Monaco is famous as Côte d’Azur’s playground. With spacious beaches, elegant hotels and lively nightlife, this tiny domain is a jet set favorite and home to some of the world's most expensive real estate. In addition to luxury hotels and beautiful beaches, Monaco is noted for mild climate and magnificent scenery. Monaco and Monte Carlo rank high on every visitor’s must-see list. Monaco-Ville is the old city and seat of Monaco’s government. The 19th-century Romanesque cathedral Prince's Palace contains impressive works of art and the tomb of Princess Grace, while the Parliament building and Oceanographic Museum, under the auspices of the Jacques Cousteau Society, offer additional sights. Monte Carlo spells sophistication, elegance, and glamour. Every year the rich and famous gather here to bask in the sun, gamble at the world’s most opulent casino and attend spectacular parties. The most splendid hotels, several fine theaters, museums and excellent restaurants cater to the elite. Nothing typifies more the elegant lifestyle of the Côte d’Azur than glamorous Monte Carlo.
Located near impressive Bonifacio, the city of Porto Vecchio has the advantages of a seaside resort and shows some wonderful aspects only its natural environment can reveal. Its age-old bastion and beautiful marina puts it in a good location. It has a growing population and a prosperous tourism activity. During the last couple decades, drastic development has helped it overcome its isolation and now Porto Vecchio appears among the best equipped areas of the island of Corsica and is its third town.
Lying inside the protected Gulf of Olbia in the northeast of Sardinia, the town with the same name sits by the sea. This quaint seaside villiage was originally started as a Greek colony and was the scene of a Roman victory over the Carthaginians in 259 BC. Phoenician and Roman tombs are still in the area and the Pisan Romanesque Church of San Simplicio in the town is a site to behold.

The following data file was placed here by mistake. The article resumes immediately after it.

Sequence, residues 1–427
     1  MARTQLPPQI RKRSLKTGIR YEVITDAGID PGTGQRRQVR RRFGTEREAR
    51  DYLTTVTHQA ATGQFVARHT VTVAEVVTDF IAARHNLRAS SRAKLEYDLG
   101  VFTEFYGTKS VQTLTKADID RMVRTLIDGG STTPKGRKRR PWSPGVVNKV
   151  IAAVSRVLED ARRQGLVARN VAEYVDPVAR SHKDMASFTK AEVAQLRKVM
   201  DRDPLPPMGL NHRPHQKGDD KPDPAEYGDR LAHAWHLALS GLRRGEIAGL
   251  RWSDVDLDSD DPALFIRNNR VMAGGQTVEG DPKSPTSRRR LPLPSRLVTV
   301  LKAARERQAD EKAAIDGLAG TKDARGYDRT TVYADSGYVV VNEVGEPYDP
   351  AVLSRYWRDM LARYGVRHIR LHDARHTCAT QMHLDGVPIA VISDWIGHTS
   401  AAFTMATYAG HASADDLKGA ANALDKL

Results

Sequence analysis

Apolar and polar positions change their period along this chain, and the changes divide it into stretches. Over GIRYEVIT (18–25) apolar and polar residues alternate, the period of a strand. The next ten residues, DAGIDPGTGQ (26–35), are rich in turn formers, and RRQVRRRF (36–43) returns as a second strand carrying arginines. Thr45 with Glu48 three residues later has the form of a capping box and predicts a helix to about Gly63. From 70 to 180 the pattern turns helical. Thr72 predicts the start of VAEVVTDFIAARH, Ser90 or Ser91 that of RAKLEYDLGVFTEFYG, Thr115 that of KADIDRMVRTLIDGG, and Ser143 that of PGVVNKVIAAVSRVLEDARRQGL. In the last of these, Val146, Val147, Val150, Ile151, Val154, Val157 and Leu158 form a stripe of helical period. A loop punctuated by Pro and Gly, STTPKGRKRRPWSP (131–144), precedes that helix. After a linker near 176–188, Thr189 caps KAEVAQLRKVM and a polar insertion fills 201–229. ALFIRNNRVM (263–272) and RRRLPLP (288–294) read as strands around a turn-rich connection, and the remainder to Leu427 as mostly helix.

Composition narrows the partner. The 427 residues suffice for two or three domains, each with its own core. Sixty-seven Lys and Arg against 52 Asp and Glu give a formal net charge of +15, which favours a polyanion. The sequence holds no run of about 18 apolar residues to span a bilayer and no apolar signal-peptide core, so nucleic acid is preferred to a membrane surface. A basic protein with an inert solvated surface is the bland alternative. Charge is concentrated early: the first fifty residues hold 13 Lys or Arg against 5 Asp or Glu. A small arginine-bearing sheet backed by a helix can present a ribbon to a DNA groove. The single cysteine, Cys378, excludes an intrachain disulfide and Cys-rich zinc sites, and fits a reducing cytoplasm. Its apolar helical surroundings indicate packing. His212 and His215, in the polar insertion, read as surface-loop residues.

Mahon is a town known since antiquity for its natural harbor. Its coastline includes beautiful natural coves, rocky cliffs, and long beaches. Menorca is an open-air museum with archaeological remains giving evidence of Mediterranean cultures of thousands of years ago. Traces of English rule remain, especially in the design of tall houses with sash windows overlooking the harbor. Watersports are most popular of the wide range of leisure activities available. Sail boat rentals are available at numerous beaches and a golf course is located in Son Park. Menorca was declared a Biosphere Reserve by UNESCO in 1993 - an acknowledgement of the island's environmental importance and artistic and cultural heritage. Santa Maria Church, located in Plaza de la Constitucion, was founded in 1287 and rebuilt in neo-classical style in the 18th century. Its 19th-century organ is one of the world’s largest, with 3,004 pipes. Sa Mesquida and Cala del Pilar are the two best beaches.
Tarragona is a port on the Mediterranean Sea on the Catalonian coast to the southwest of Barcelona. The monks of the Grande Chartreuse established their liqueur distillery here in 1903, when they were forced to leave France. The city's archaeological museum has an outstanding collection of Roman statuary. The remains of a Roman amphitheatre and defensive walls are in the city, and a two-tiered Roman aqueduct is nearby. The Romanesque cathedral, construction of which was begun in the 12th century, is famous for its Gothic facade. Nearby are the beaches and resorts of the Costa Dorado.
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